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Stalking Made Me Who I Am

Filed under Can't Stop Thinking

Reuben SmithSometimes, when I see the increasingly litigious ways we deal with one another, I think about the things we’ve lost. Oh, I don’t mean disputes over property lines or breach of contract or any of that. I’m thinking about the way we now use law to set our personal boundaries and criminalize bad behavior.

It’s not that I don’t despise things like sexual harassment. In fact that’s one I especially dislike. Sexual harassment is the sort of thing that makes a thinking man angry. I mean, a few overgrown infants make the rest of us look pretty bad by association, just because we share the same kind of plumbing.

But as we’ve relied more and more on labelling behavior, and on laws to regulate it once it’s labelled, and on punishments for it once it’s regulated, we’ve lost some of the skills that people need just to deal with each other in groups. Skills that we actually used to have.

A lot of bad behavior is more unfortunate than it is criminal. Once upon a time we’d have dealt with it through deflection… or by hauling the offender out behind the tobacconist’s and knocking out one of his teeth.

Case in point: stalking. Once upon a time some forms of stalking were not only permitted. They were necessary. I wouldn’t be here typing this if my grandfather hadn’t stalked my grandmother. And there wasn’t a creepy thing about it.

My grandfather – who, later in life, appeared in the terrifying photograph above – first saw my grandmother on the Vaudeville stage. She would have been about sixteen at the time, right about the time her photo below was taken.

This was the musical comedy act of Noodles and Elsie Fagan. My grandmother Blanche and her sister were each part of their parents’ act. Family legend has it that Grandmother even managed the act from the age of eleven because everyone agreed she was the most sensible one of the bunch.

So when Reuben Smith saw her on that stage she’d have been singing, lit romantically by the stage lights. And that did him in. The moment he saw her he decided that this was the girl for him.

Blanche Fagan, 1922But what to do? In that day and age you wouldn’t get anywhere by approaching a young woman and introducing yourself. You’d do more harm than good. An action that forward was an implied insult: by acting improperly, you’d be suggesting that she was improper and that, as they say, would be Game Over. Out behind the tobacconist’s for some quick dental surgery, bub.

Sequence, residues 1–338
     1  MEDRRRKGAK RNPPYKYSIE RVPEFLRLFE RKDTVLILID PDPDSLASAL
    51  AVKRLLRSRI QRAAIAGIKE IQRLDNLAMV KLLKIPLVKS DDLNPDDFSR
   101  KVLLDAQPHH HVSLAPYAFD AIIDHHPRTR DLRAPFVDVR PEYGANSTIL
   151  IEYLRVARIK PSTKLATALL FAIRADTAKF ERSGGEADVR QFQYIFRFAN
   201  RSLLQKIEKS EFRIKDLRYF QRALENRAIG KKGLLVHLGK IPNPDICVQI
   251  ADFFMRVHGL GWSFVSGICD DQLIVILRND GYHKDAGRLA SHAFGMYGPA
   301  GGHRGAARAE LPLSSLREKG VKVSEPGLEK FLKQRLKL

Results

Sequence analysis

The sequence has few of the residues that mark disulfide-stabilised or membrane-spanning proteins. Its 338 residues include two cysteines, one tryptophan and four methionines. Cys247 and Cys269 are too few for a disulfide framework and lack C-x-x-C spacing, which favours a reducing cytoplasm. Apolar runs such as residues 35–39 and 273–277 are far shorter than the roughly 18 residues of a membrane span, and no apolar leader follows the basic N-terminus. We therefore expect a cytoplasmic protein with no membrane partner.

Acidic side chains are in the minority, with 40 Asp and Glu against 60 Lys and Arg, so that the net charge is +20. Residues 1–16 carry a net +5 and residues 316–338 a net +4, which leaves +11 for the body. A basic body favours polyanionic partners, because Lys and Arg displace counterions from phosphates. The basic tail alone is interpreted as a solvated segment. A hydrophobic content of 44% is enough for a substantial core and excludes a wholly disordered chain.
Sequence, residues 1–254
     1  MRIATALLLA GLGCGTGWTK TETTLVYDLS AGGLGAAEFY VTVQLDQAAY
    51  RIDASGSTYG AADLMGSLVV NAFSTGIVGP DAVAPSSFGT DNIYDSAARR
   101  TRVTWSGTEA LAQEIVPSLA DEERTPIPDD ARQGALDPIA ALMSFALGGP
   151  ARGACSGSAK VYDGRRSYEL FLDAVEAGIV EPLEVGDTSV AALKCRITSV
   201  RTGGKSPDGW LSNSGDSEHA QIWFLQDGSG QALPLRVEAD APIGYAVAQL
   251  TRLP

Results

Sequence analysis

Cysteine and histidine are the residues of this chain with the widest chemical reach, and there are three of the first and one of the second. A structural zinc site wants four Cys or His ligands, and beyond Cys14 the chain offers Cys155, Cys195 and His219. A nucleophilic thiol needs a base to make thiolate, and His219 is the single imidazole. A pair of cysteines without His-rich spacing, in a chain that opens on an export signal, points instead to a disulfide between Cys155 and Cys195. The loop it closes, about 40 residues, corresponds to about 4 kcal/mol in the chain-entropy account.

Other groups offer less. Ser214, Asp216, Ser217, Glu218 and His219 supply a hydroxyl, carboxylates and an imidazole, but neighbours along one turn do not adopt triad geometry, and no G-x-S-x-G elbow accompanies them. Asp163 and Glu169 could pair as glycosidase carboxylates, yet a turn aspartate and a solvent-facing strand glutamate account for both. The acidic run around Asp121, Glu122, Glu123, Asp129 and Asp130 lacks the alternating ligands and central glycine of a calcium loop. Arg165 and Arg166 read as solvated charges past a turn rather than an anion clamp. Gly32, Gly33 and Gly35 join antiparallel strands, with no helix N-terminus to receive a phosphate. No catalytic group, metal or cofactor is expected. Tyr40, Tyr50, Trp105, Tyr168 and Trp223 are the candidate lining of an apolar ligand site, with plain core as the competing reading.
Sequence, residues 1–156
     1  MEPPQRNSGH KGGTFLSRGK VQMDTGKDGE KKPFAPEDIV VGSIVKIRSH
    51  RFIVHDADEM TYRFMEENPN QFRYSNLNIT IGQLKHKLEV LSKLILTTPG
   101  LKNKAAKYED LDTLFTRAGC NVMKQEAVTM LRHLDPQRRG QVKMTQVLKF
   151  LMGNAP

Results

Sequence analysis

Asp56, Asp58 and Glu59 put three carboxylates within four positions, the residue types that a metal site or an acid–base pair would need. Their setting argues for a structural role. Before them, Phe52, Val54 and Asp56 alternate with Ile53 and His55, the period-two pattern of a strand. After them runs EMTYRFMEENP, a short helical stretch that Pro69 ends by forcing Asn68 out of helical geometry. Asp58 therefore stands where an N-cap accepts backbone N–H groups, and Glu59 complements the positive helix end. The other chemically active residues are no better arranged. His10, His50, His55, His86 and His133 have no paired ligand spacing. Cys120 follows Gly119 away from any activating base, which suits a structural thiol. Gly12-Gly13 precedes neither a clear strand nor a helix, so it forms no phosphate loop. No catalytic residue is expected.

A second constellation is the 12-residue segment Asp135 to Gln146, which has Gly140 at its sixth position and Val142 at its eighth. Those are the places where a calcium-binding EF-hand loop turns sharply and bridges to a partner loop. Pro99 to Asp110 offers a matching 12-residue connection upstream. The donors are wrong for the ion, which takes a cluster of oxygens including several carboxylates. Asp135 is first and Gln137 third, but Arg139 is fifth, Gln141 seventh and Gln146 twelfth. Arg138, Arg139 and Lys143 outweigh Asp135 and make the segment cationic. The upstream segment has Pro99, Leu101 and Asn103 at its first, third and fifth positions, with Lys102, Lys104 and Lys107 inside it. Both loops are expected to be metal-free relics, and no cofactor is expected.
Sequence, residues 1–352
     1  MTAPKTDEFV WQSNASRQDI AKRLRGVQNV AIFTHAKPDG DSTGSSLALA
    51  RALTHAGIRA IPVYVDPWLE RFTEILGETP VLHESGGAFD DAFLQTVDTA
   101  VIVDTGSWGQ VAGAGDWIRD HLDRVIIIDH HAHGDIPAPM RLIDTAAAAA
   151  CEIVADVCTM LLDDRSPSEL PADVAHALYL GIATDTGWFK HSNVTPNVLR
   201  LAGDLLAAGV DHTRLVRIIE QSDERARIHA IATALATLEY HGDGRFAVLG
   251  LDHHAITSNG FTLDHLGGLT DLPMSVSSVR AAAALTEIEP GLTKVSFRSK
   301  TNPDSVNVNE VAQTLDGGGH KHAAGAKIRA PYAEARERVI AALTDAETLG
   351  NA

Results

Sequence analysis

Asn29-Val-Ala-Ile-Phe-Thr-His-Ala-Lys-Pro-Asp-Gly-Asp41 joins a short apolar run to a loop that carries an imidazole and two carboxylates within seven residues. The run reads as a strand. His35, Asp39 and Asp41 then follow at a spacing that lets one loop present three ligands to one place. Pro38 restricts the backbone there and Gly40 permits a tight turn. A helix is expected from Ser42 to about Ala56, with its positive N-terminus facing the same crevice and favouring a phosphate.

One of the interesting things about what my grandfather did do was that it’s closely paralleled in Robert A. Heinlein’s Time Enough For Love, in an episode set at about the same time. Lazarus Long, in that story, travels back in time to meet his own family. And he does just what my grandfather decided to do on the night he saw my grandmother on Vaudeville and followed her all the way from the stage door to her front door. In the dark of night. Stealthily, I bet.

Grandfather started to hang out in her neighborhood. He started shopping there; he ate his meals in the neighborhood restaurants; he hung out there long enough to make some friends, and once he was a fixture in the neighborhood, someone introduced him to my grandmother. The rest, if not history, is my history. And – probably because of the way things turned out – even that bit of stalking under the streetlights doesn’t seem sinister. It seems charming.

I’m fascinated by the fact that Heinlein had his character adopt the same strategy because it suggests that my grandfather wasn’t the only one. I really wonder if someone Heinlein knew in the 1920’s hadn’t told him a family story a lot like mine.

Chances are that if my grandfather tried this clever plan today he’d end up in jail, and as a result there would be no me to tell his story.

Now one reaction you might have to this tale is that in a repressed and rigid society people are forced to deceive and scheme in order to lead a normal life. I think that’s absolutely true. But after half a century in a less repressed and rigid society I haven’t noticed that people have given up deception and scheming. So, I say, phooey.

And when I think about those stiffer, more formal days I also think that when we hand over our personal relationships – even the unpleasant ones – to the law… well, we’re formalizing those things in a different, impersonal way. Society hasn’t abandoned its rules and manners. It’s just delegated them. How weird is that?

[tags]stalking, society, mating rituals, law, robert a. heinlein, time enough for love[/tags]

One response to “Stalking Made Me Who I Am
Michael Goodman says:
May 21st, 2010 at 4:10 pm

My grandfather did very similar things in the early 1920s. Love the art deco.

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